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Can you please help me rewrite this sentence into another easily understandable phrase?

"This city admits no near equal".

The sentence comes from a travel video I've been watching, in which the representer was in New York city. While being at the Grand Central Depot, he said through an old guide book whose author was Appleton:

"It's been replaced by a lofty temple, a building of such elegance, sophistication and grandeur that the Big Apple says 'I don't care where you've been before, this city admits no near equal'".

I've took a try for a while but it seems the whole sentence can hardly be translated exactly into my native words (Vietnamese) by anyhow. To be honest, I really wanted to ask "what does this sentence mean", but it seems silly.

Also, I'm wondering if I used it correctly: "easily understandable" or "easily understood"? Is there other single word which delivers the same meaning?

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    I think more context is required for translation. – snoram Feb 22 '16 at 8:48
  • I'm sorry about that. The sentence comes from a travel video I've been watching, in which the representer was in New York city. While being at the Grand Central Depot, he said through an old guide book whose author was Appleton: "It's been replaced by a lofty temple, a building of such elegance, sophistication and grandeur that the Big Apple says 'I don't care where you've been before, this city admits no near equal'". Does it help much? – gnoulv Feb 22 '16 at 9:22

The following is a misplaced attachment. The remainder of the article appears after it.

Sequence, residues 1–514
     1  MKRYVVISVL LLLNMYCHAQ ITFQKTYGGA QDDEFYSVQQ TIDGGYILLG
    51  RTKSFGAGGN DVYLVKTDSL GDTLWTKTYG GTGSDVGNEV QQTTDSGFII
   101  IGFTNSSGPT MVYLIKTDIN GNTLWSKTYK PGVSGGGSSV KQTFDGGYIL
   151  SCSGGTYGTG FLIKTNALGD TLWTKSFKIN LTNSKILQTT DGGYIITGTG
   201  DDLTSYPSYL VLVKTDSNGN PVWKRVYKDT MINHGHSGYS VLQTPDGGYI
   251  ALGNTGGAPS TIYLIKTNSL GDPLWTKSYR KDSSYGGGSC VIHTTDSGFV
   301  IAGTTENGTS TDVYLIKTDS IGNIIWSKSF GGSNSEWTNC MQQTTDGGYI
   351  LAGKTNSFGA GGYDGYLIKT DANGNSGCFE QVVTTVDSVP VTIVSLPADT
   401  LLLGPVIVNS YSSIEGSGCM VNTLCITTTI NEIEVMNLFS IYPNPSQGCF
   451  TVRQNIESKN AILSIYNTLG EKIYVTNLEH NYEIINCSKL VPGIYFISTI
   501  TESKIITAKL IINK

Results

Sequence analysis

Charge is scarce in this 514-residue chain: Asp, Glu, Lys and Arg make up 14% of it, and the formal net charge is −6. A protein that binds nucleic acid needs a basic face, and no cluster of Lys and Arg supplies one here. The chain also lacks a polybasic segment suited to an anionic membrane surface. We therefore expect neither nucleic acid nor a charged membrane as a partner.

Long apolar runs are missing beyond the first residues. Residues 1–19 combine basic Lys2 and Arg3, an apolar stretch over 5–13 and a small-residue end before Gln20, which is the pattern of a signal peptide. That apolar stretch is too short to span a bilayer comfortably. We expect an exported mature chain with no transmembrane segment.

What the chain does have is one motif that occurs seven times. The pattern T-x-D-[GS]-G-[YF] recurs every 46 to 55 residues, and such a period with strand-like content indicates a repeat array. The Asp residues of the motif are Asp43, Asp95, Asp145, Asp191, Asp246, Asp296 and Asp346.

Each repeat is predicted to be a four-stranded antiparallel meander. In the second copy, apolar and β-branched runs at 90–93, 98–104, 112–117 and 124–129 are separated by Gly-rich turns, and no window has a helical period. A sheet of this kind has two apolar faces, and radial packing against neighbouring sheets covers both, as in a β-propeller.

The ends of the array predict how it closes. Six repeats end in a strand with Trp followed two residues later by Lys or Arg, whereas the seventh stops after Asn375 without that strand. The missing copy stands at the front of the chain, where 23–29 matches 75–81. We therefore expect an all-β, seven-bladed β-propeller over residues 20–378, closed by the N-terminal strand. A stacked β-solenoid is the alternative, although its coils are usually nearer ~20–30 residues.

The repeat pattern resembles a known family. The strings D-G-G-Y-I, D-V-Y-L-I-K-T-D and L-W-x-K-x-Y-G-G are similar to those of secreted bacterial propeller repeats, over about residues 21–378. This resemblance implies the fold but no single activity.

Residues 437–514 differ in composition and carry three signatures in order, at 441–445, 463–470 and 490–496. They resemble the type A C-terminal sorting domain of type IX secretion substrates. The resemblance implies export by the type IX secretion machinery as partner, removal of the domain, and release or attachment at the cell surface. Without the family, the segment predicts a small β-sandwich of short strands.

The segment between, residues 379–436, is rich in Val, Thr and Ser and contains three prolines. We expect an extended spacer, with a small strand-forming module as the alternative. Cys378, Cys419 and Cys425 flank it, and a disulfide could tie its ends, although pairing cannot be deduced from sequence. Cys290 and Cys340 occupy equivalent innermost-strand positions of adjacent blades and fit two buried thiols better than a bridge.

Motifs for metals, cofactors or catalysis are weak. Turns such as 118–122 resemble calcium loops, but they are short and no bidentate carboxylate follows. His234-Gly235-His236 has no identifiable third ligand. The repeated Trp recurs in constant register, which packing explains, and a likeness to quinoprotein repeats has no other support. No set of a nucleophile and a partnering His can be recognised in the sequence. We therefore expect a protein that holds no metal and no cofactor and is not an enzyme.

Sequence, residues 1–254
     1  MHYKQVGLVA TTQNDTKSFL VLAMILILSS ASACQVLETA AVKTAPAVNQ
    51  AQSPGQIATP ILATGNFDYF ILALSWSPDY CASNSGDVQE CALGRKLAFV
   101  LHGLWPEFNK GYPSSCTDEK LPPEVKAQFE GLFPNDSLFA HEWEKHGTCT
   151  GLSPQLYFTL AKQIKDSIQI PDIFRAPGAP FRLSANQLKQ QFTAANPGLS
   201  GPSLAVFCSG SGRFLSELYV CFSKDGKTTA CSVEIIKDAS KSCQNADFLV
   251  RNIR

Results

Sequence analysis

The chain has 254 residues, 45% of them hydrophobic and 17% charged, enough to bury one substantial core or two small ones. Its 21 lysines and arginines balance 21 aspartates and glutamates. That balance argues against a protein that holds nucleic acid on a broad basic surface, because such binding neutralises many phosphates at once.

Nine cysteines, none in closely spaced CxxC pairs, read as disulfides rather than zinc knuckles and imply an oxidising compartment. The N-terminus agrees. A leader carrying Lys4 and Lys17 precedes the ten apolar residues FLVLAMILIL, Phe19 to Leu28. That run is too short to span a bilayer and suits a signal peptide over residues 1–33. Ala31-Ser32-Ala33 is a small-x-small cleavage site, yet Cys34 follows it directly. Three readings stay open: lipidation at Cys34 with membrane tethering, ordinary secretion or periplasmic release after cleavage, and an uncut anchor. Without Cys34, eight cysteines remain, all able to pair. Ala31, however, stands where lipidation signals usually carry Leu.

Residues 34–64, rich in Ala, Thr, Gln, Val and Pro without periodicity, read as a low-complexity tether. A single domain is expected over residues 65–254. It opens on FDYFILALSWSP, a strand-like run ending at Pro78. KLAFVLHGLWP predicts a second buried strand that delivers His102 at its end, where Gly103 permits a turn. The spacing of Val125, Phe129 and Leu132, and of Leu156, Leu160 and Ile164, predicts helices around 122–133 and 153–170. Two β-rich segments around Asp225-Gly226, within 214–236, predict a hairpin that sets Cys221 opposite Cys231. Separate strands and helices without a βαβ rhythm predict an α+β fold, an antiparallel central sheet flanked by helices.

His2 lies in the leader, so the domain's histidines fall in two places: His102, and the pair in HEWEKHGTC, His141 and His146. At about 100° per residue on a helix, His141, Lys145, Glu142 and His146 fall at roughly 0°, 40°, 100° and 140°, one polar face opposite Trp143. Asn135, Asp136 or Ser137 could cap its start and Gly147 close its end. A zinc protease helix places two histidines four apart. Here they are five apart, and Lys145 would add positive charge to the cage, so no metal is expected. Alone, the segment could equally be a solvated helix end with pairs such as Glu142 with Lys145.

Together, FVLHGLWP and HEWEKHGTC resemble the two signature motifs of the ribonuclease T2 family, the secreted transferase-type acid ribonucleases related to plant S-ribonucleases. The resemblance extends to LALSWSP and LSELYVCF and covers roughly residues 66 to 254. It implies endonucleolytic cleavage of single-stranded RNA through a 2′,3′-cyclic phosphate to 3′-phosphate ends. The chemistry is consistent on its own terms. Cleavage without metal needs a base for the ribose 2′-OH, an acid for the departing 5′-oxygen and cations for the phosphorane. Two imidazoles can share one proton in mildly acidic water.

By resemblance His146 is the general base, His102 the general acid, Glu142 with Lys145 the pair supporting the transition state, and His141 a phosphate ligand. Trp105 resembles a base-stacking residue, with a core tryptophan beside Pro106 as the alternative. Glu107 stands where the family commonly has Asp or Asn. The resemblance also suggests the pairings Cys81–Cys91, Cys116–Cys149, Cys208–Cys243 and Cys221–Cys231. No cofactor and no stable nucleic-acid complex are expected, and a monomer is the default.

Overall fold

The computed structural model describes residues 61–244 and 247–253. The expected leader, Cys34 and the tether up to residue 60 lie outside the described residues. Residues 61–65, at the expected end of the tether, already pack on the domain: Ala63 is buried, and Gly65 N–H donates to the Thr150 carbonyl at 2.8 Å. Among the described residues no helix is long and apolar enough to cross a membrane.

• It placed in my very first question above, in my question post actually. – gnoulv Feb 22 '16 at 9:28
  • @Peter I'm sorry I've just noticed that. Please check again my edited post above. – gnoulv Feb 22 '16 at 9:33
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Equivalent phrases for

I don't care where you've been before, this city admits (to) no near equals.

are

I don't care where you've been before, this city is by far the best.
I don't care where you've been before, this city is head and shoulders above the rest.
I don't care where you've been before, this city is without peer.

The use of no near equal means the New York City is by far a better city.

Grand Central Station is an impressive station indeed here Your use of easily understandable is correct.

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To admit {something} can mean literally "to allow {something} to enter".

A ticket to the movies or to an amusement park might say "ADMIT ONE".

A judge can "admit evidence", that is, allow evidence to be entered as part of the official record.

The meaning "to allow in" can be used figuratively.

The city will not allow the notion to enter the mind (its mind or our minds), that another city is its equal.

  • Yes, it would've certainly been away more understandable if he'd used "allow" instead. Thank you for suggestion. By the way, may I just ask one more question, what does the following sentence mean? "No money has changed hands this evening". It's from the video, too, when the representer ended a dinner he was having with his companion. I thought it literally means "I'll get the bill this time", does it so? – gnoulv Feb 22 '16 at 17:57
  • No money has changed hands means literally that money has not gone from one person's hands to the hands of another person. No one has given or received any money. – Tᴚoɯɐuo Feb 22 '16 at 18:10

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